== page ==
This pseudo-argument is hidden by a twicefold attack on your ability to reason, which resurface throughout the entire essay:

  1. A pseudoscientific front to his beliefs, and
  2. Mere shock value.

In keeping with his excited, sensationalist tone he of course does not explain in any form just what kind of mechanism this 'Death by Progress' consists of. If we want to be generous, we could assume he means a kind of 'excitement-induced' failure of the circulatory system (i.e. a 'heart attack' due to shock).

While excitement certainly is not unable to cause higher blood pressure and heart rate, this would most certainly not be a problem for most able-bodied, healthy humans. Here his emotion-based argument follows a linear understanding of the human psyche, severely understating the upper limit of what humans are able to grasp, and grotesquely overstating the brain's ability to experience emotions. While it is clear that a shock severe enough to cause heart attacks will likely shake even 'grounded' personalities, beyond a certain point there just is not a lot of emotional leeway, and the most basic way of coping with extreme situations would kick in: Emotional 'Blank Out' and a readjustment of normality.

In addition to this questionable assertion, Urban obviously chose the dates for his examples of 'DPUs' very cleverly. While his initial assertion, while cinematic in effect, sounds somewhat plausible ("Someone from the 18th century in today's world? Definitely a huge shock. Perhaps he's right, that could kill someone!"), he glosses over the fact that his other examples don't hold up to any scrutiny at all. While there are some inventions humanity had achieved by the 1750s which most certainly would shock or at least deeply impress someone unfamiliar to them (Gunpowder, Steel, etc.), the impact of their impression does not grow with greater chronological distance. In an attempt to be clever, he vainly asserts that someone from a pure hunterer-gatherer society would be sufficiently disturbed by the technological difference to die.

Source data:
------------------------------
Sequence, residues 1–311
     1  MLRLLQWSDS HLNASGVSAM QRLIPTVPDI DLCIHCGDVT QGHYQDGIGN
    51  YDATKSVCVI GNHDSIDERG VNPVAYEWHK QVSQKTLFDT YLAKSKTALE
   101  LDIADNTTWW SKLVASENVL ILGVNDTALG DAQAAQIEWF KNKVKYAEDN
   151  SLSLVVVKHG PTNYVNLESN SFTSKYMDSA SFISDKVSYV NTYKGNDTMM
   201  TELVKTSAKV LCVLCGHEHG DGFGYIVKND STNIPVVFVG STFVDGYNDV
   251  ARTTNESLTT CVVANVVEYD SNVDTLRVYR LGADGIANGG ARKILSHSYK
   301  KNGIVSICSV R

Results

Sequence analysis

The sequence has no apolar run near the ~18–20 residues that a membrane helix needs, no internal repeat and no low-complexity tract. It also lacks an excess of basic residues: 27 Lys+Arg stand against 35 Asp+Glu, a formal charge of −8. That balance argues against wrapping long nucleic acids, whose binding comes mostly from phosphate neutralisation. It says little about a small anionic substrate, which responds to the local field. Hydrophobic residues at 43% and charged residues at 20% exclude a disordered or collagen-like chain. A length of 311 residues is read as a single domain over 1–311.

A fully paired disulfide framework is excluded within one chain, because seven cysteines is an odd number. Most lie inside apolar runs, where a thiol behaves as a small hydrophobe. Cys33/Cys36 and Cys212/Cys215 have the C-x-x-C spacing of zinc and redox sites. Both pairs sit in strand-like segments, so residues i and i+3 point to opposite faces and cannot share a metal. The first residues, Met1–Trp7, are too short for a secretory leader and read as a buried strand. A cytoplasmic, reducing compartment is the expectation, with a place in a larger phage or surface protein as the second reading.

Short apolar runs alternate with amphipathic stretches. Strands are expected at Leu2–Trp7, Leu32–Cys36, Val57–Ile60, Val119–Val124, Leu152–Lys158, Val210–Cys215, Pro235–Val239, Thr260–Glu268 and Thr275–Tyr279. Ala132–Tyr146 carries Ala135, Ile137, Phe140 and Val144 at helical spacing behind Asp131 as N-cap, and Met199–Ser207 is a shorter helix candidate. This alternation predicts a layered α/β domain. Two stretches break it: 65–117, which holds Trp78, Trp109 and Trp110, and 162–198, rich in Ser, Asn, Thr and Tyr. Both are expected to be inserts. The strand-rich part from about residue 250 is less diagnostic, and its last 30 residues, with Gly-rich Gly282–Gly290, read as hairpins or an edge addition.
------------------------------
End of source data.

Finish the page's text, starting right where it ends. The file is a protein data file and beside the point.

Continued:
Besides the – at least somewhat entertainable – notion that the effect of gunpowder and other explosives would be a near-lethal shock to pre-historic humans, he hereby effectively wants you to believe that mesolithic people would be unable to cope with seeing post-neolithic inventions such as clothes, buildings and vehicles to such an extent that they would immediately collapse and die. And if this doesn't stretch credibility far enough for you, you might want to consider his final assertion that an early hominid could not possibly survive contact with primitive tribes living off the land. Here Tim Urban's arguments prey on your inability to set these huge numbers into context correctly, and closer examination of his specific "dataset" reveals that his theory of exponential progress, on which he grounds the rest of his essay, is on very shaky footing at best.

If you are sufficiently proficient with plotting and data fitting, or at least have a general proficiency with spreadsheets, try visualizing the data yourself and try to see for yourself how well an exponential growth fits his idea. You'll be surprised just how badly the two extremes of his dataset fit; he's effectively trying to sell you a ridiculously fast exponential growth with his '18th century'–'today'-comparison by obscuring the fact that this would also require far more 'DPUs' – and far closer to us – in the recent past than he would care to argue for. His other two datapoints serve as an effective distraction of this.